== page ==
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Incorrect sampling in a tapped delay line

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Phrancees69

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Hi,
I am working on a TDL TDC using carry4 elements as my delay line. I currently have a delay chain of length 64. The propagation delay of the each carry4 is 118 ps. I have tried to sample the TDL output using D flipflops clocked by 10 ns. The output of the DFFs do not sample correctly (no update on clock's rising edge). I am new to FPGAs and digital designs. I have tried using an LSFR and a wave union tecehnique to supply the start signal but results are no different. Kindly assist. thank you
 

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I would not trust a logic simulator to do this work. There
is too much "simplification". A flip-flop sampling delay has
significant variation as your setup time approaches the
metastable point and somewhere, the captured states will
be unreliable before turning reliable again.

You might (if you get any capture, and why wouldn't you?)
apply a secondary layer of logic to determine the "most
likely center" of the "wavefront" as it slides past the clock
edge. There should be unbroken stretches of "0", a few
bits' worth of "flicker" and then unbroken stretch of "1",
right? If you can "bound the flicker" and "pick the center
of that", maybe you can assign a center "more reliably"
than the raw registered bits.

I did something like this on a burst mode clock recovery
unit design, once.

You could also (as I did there) use a scheme where you
"clock the clock, with the data" - let each stage of the delay
loop clock in the same 10ns master clock (sets the frame?)
which you'd presumably upscale to get bit-count in time
domain; the 'flops will now capture sequentially and the
code-transition in that field "marks the spot". Might work
cleaner (or not).

I'll note that to make my thing work, I had to hand-design
the FFs and use complementary bare-clocking to cut the
setup time (front latch) and raw delay (back latch) and
even cheat by using low-VT "RF only" devices in the FF
clock legs. That's SPICE w/ full parasitics design. Not a
prayer of reasonableness from a logic simulator (what
would I do with a pile of timing violations? The cell library
the company had, couldn't even self-toggle (D=Q!) over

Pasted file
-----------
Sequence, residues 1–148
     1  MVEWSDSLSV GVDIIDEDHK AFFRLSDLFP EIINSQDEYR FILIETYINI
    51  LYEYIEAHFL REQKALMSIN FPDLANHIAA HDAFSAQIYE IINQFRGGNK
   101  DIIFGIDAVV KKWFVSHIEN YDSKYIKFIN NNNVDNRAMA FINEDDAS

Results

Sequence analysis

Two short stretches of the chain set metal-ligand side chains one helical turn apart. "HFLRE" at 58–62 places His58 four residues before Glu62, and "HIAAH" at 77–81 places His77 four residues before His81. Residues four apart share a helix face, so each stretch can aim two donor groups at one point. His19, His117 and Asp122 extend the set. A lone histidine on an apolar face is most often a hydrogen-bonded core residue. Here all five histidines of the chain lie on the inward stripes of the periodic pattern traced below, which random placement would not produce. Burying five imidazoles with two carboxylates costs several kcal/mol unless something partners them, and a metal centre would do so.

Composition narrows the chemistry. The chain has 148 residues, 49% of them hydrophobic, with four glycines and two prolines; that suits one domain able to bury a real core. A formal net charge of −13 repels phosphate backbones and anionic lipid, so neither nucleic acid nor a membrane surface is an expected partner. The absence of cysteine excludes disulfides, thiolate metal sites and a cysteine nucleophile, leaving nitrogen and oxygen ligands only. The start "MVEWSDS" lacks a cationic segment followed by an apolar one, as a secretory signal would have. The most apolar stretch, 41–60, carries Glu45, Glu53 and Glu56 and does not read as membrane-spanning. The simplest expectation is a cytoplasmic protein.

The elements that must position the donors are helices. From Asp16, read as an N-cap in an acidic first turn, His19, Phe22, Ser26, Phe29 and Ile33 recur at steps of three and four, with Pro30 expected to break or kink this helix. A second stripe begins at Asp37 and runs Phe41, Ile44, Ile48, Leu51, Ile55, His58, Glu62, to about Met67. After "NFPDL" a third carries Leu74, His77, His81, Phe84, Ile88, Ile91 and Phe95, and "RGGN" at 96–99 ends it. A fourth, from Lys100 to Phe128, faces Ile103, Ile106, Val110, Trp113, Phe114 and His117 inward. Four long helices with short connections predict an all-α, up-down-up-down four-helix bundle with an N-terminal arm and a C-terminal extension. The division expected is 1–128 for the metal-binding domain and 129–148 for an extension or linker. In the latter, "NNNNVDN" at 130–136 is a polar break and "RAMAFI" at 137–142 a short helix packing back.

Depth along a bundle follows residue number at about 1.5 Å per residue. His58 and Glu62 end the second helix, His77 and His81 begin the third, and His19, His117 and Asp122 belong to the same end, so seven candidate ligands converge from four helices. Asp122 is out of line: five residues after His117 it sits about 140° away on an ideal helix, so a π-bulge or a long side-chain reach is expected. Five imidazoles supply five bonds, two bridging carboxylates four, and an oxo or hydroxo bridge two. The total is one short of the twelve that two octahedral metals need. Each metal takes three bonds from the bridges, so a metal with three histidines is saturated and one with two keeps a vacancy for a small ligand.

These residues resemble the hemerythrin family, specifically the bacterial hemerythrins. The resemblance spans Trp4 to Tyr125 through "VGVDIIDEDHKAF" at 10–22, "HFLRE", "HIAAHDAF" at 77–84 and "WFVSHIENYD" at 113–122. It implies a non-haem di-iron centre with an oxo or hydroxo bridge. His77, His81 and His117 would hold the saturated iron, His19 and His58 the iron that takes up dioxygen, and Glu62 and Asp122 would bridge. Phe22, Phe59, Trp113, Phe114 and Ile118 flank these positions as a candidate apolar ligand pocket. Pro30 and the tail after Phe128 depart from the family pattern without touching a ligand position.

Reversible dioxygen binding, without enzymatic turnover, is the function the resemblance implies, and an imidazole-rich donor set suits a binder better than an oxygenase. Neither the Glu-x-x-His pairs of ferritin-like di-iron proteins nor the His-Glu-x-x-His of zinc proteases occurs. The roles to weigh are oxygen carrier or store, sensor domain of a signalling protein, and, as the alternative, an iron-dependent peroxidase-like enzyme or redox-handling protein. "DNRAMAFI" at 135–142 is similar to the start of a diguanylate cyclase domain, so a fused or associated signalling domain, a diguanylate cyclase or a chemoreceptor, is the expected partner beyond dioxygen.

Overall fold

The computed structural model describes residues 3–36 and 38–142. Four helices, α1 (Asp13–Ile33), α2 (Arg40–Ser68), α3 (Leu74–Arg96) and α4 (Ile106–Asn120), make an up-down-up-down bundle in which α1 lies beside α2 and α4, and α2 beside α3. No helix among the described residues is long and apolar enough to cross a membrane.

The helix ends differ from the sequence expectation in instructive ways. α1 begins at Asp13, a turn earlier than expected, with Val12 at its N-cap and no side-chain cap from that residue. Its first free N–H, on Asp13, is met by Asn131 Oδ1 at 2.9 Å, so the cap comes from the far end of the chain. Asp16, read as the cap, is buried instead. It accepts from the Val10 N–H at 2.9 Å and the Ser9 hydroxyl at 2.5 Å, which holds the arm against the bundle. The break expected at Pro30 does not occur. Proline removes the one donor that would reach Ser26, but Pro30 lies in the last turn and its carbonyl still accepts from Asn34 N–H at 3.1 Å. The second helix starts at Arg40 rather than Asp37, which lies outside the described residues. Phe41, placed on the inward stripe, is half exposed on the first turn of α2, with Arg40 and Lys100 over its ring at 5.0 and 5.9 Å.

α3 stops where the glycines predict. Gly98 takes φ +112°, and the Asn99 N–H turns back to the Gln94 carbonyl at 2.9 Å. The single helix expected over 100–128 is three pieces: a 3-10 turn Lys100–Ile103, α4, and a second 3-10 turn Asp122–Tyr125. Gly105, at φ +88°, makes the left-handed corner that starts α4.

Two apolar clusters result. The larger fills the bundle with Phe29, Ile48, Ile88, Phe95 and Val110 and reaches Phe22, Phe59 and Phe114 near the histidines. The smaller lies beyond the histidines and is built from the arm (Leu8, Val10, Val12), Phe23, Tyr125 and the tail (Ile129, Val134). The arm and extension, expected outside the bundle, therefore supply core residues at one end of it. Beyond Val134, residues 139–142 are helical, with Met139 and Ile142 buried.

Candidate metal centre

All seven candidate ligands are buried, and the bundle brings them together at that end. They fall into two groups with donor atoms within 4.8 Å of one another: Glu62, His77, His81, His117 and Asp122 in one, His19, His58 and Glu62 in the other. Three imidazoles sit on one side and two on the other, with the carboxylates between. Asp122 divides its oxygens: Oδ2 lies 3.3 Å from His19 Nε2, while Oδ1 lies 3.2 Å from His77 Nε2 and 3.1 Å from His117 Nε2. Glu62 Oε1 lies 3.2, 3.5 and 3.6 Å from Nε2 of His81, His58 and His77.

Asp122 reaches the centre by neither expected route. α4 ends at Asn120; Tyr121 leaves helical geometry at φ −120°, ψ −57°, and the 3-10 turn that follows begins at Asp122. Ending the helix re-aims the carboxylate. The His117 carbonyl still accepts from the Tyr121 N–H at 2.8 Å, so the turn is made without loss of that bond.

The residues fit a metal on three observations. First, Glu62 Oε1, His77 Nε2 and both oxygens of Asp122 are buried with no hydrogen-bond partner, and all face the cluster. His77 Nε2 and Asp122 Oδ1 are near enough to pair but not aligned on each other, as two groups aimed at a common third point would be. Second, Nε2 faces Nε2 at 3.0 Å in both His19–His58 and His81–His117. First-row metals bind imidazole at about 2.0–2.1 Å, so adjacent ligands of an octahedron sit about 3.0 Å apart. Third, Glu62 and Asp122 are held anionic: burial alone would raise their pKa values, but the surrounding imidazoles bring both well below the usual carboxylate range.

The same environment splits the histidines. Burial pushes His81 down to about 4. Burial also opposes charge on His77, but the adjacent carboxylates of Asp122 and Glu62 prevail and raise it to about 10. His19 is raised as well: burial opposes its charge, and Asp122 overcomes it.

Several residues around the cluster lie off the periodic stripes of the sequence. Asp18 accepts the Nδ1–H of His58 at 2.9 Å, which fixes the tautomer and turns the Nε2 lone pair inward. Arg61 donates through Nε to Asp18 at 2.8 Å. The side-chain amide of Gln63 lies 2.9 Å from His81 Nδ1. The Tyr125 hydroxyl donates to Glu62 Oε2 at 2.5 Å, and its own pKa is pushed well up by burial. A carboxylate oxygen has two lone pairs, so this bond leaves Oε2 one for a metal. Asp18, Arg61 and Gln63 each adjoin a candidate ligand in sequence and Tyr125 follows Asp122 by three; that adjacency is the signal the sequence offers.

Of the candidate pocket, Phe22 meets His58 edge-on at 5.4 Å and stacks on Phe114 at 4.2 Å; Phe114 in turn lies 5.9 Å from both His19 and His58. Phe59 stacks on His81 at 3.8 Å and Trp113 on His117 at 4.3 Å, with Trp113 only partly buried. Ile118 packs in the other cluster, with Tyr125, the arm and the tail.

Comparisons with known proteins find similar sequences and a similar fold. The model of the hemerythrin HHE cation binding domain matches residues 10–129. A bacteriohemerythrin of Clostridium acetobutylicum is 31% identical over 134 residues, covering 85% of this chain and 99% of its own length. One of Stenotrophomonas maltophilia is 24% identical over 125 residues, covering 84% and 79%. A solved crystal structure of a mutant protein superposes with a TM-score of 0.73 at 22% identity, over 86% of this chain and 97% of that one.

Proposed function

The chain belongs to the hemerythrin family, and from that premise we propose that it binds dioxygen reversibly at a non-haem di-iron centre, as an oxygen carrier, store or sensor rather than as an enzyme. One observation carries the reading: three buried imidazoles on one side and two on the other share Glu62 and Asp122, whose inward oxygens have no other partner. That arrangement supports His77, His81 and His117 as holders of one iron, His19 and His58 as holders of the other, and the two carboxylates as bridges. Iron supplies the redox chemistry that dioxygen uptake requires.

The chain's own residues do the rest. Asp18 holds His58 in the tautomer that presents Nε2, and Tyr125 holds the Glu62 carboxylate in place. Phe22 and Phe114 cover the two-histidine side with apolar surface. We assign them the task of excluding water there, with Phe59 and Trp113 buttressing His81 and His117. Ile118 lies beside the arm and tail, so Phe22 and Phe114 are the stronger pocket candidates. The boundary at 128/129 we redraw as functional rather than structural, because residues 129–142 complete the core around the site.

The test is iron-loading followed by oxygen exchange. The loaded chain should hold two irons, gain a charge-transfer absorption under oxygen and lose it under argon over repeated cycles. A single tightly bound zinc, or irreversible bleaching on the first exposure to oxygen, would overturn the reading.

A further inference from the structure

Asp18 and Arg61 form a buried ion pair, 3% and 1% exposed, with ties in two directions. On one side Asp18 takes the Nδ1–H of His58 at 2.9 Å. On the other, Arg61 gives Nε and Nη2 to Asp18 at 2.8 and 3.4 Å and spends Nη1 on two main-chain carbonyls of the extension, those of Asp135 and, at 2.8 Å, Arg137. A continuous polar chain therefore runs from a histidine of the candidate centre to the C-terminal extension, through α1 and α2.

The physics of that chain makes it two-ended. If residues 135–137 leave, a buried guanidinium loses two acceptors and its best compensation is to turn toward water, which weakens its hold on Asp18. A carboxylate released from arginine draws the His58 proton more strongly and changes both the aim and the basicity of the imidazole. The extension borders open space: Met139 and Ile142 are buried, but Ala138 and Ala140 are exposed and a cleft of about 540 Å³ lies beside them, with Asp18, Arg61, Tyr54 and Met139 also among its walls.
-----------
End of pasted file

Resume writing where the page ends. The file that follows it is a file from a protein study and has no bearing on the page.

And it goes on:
300MHz and I was on the hook for 400MHz (and a wee
bit of 800) with feedback logic between register stages.
Now imagine 10kGates worth of this done by hand, and
at-speed functional verification in Spectre being the only
available option. 3 years of my life that I ain't getting back.
 
I would not trust a logic simulator to do this work. There
is too much "simplification". A flip-flop sampling delay has
significant variation as your setup time approaches the
metastable point and somewhere, the captured states will
be unreliable before turning reliable again.

You might (if you get any capture, and why wouldn't you?)
apply a secondary layer of logic to determine the "most
likely center" of the "wavefront" as it slides past the clock
edge. There should be unbroken stretches of "0", a few
bits' worth of "flicker" and then unbroken stretch of "1",
right? If you can "bound the flicker" and "pick the center
of that", maybe you can assign a center "more reliably"
than the raw registered bits.

I did something like this on a burst mode clock recovery
unit design, once.

You could also (as I did there) use a scheme where you
"clock the clock, with the data" - let each stage of the delay
loop clock in the same 10ns master clock (sets the frame?)
which you'd presumably upscale to get bit-count in time
domain; the 'flops will now capture sequentially and the
code-transition in that field "marks the spot". Might work
cleaner (or not).

I'll note that to make my thing work, I had to hand-design
the FFs and use complementary bare-clocking to cut the
setup time (front latch) and raw delay (back latch) and
even cheat by using low-VT "RF only" devices in the FF
clock legs. That's SPICE w/ full parasitics design. Not a
prayer of reasonableness from a logic simulator (what
would I do with a pile of timing violations? The cell library
the company had, couldn't even self-toggle (D=Q!) over
300MHz and I was on the hook for 400MHz (and a wee
bit of 800) with feedback logic between register stages.
Now imagine 10kGates worth of this done by hand, and
at-speed functional verification in Spectre being the only
available option. 3 years of my life that I ain't getting back.
Thanks for your explanation. The design is implemented in vivado using verilog. I'll try to clock the FFs using the output from each stage of the delay line as you suggested. Keeping fingers crossed. Thanks a lot
 
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